Notice the emphasis in those verses on the promises of God. I believe that in some cases, faith can go awry here. We get ourselves in trouble when we misunderstand or misapply the promises of God. We’ve been talking about that in the Sunday night classes on interpreting the Bible. But in Abraham’s case, he had a very specific promise from God and he believed that God would fulfill his promise. Abraham believed in God, he believed in his character, his power and his promises. Paul uses the story of Abraham and the birth of Isaac to illustrate these points:

Against all hope, Abraham in hope believed and so became the father of many nations, just as it had been said to him, “So shall your offspring be.” 19Without weakening in his faith, he faced the fact that his body was as good as dead—since he was about a hundred years old—and that Sarah’s womb was also dead. 20Yet he did not waver through unbelief regarding the promise of God, but was strengthened in his faith and gave glory to God, 21being fully persuaded that God had power to do what he had promised. 22This is why “it was credited to him as righteousness.” This is a great story of faith in action; of faith in God under difficult circumstances. It is a story of faith that did not waver.

Before we leave this topic of faith, I want to make a few comments about the content of faith. While the nature of faith and its object remains the same, we find that there is a difference between the believers of the Old Testament and believers today when it comes to the content of faith. What was the content of Abraham’s faith? He believed the promise of God; that God was going to give him a son, and through that son would come many descendants, and even many nations, and from those many descendants would come one particular descendant, through whom all the nations of the world would be blessed. Abraham believed God and over the years, the promises were fulfilled; first through the birth of Isaac in his old age; then through the birth of many descendants and the whole nation of Israel. And then through the birth of that one special descendant or seed, the Messiah, the Christ, through whom God would bless the nations of the world. Abraham believed that it would happen, and his belief was credited to his account as righteousness. He was justified in God’s sight by his faith.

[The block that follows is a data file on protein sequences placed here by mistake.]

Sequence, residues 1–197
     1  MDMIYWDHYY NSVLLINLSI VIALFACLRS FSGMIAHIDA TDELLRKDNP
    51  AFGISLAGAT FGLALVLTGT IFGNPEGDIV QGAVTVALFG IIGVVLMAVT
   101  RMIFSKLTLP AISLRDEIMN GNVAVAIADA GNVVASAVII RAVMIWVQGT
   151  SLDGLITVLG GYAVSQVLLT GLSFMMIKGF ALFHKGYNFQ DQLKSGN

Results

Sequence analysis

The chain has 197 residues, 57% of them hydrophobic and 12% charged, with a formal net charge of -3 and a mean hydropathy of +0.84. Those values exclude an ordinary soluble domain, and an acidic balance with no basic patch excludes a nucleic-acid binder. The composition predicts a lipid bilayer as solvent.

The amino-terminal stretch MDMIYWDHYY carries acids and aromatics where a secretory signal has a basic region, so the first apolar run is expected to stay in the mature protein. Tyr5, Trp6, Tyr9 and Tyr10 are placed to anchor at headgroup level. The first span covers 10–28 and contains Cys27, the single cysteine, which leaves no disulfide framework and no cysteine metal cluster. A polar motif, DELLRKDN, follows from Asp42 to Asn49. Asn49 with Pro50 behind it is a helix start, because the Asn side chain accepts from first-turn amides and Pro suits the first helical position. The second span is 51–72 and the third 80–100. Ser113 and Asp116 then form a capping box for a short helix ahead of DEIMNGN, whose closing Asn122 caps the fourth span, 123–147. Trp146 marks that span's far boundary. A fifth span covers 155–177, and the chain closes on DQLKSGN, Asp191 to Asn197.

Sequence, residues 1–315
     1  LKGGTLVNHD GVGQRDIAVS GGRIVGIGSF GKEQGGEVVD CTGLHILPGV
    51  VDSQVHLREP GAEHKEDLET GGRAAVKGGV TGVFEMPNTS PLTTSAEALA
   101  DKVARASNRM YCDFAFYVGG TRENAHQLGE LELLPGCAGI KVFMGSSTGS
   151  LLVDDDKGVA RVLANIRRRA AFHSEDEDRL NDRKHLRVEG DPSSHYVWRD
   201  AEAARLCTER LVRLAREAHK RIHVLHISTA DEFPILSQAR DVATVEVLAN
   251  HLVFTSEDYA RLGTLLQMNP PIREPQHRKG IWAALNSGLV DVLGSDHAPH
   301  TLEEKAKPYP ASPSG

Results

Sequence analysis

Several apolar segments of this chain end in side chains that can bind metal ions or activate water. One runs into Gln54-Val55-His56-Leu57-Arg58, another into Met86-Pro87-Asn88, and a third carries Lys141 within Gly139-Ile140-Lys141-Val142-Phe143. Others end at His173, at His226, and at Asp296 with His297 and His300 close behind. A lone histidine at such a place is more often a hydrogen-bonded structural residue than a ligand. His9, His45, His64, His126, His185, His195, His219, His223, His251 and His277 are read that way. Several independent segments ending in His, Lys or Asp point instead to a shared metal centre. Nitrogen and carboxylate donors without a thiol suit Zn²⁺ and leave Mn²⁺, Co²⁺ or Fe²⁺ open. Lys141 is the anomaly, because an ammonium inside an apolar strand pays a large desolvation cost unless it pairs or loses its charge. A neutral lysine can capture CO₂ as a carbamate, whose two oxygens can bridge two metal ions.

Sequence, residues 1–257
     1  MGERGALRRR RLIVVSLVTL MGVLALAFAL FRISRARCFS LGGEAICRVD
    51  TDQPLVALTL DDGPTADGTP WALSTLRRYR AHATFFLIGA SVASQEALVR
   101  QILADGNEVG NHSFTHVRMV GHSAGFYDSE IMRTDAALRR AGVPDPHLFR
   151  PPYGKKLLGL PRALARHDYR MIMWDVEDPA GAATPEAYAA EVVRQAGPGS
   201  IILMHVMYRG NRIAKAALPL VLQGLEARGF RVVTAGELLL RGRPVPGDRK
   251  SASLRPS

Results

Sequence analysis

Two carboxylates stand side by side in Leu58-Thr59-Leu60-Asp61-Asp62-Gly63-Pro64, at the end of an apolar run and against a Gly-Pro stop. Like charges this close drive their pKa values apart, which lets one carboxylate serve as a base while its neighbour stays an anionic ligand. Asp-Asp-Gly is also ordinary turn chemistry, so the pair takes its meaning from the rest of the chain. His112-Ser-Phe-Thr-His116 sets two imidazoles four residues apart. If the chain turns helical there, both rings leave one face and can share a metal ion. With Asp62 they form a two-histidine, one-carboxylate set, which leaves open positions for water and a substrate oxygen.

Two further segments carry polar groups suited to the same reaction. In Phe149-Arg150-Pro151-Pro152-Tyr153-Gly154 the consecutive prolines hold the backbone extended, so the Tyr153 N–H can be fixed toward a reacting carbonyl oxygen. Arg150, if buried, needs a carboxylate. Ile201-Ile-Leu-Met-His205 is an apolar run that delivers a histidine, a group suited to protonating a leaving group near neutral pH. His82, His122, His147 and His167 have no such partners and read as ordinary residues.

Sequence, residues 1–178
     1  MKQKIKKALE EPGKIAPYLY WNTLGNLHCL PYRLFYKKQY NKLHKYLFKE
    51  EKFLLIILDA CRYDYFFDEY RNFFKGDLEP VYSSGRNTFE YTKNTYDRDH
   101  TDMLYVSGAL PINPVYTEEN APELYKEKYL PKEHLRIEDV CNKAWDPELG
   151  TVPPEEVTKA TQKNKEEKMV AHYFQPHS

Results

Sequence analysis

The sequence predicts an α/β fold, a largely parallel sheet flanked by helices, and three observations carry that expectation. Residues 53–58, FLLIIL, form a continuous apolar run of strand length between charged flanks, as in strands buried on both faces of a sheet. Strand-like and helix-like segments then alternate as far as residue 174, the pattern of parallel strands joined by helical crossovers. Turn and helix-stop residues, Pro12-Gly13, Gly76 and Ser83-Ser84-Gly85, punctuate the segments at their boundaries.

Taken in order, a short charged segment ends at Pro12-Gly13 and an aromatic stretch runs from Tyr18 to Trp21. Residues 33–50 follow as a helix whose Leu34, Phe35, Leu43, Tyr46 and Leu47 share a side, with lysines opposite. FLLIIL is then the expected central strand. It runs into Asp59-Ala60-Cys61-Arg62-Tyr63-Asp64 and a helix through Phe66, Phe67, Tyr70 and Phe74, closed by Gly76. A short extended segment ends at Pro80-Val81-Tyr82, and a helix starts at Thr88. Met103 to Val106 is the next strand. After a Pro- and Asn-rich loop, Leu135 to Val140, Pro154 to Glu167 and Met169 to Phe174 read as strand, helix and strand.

What about us? What is the content of our faith today? Let’s look at verses 23-25:

The words “it was credited to him” were written not for him alone, 24but also for us, to whom God will credit righteousness—for us who believe in him who raised Jesus our Lord from the dead. 25He was delivered over to death for our sins and was raised to life for our justification.